The negative effects of stress can be seen both physically and psychologically. In this post I want to focus on just seven of the physical conditions either known or generally regarded to have stress as a primary or related cause.
High blood pressure can occur if adrenaline levels remain high. When blood vessels narrow they constrict the blood supply to various organs and this has consequences. Restriction of blood to the kidneys, for example, leads to the production of a hormone that increases blood pressure further. The liver meanwhile produces more cholesterol and other fats that merely collects in blood vessels if not used up.
Gastric upsets in the form of inflammation or possibly ulcers occur as a result of stomach acid production. Long term the muscles around the bowel may spasm leading to painful irregular bowel movements, constipation and diarrhea, a condition known as irritable bowel syndrome.
The immune system is affected because the stress hormone cortisol has anti-inflammatory properties. This is good for dealing with injuries but it also has the effect of down-regulating the immune system. The long-term result of this is we become more vulnerable to infections.
Cancer, or rather some cancers, also seems to be influenced by stress. It’s not uncommon to find cancer cells in the body but a robust immune system deals with this as a matter of course. Chronic stress may lead to a higher incidence of stress and for people who have cancer it seems stress influences tolerance to treatment and recovery.
Muscle tension. Stress manifests itself through anything from jaw tightening, teeth clamping and frowning, to hunched shoulders, neck and backache. It can result in anything from headaches to repetitive strain injury. It’s good therefore to consciously relax your muscles a few times a day and give your body a good shake down.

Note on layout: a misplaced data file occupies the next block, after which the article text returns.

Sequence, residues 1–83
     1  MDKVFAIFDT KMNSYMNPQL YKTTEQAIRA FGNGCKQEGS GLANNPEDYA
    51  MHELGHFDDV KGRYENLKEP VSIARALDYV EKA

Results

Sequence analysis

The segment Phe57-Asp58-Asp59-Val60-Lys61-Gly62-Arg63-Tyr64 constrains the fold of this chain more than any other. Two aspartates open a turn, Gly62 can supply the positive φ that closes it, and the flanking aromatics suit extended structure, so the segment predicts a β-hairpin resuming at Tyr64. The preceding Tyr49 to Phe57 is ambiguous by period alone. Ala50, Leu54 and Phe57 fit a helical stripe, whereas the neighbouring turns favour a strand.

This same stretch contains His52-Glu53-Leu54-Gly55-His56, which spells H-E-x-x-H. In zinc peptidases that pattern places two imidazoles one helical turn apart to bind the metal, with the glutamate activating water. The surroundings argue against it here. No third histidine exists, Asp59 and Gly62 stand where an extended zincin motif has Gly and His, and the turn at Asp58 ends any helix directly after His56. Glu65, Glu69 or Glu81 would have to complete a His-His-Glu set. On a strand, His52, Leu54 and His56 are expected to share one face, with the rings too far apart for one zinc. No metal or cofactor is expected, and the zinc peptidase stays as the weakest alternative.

Sex hormones are affected by stress. Anyone suffering from stress knows how it interferes with his or her sex drive. In men it may influence the ability to achieve or maintain an erection. In women, periods may become irregular or lost altogether.
Type 2 diabetes isn’t something you might have associated with stress but here’s how it works. Raised levels of cortisol result in an increase of fats and glucose into the bloodstream. The pancreas responds by producing more insulin to try and control glucose levels. Over time the liver builds a resistance to insulin and sugar builds up in the blood and tissues. This is type 2 diabetes, a form of diabetes that is avoidable, and is associated with an unhealthy lifestyle.
Jerry Kennard, Ph.D., is a chartered psychologist and associate fellow of the British Psychological Society. Jerry’s clinical background is in mental health and, most recently, higher education. He is the author of various self-help books and is co-founder of positivityguides.net.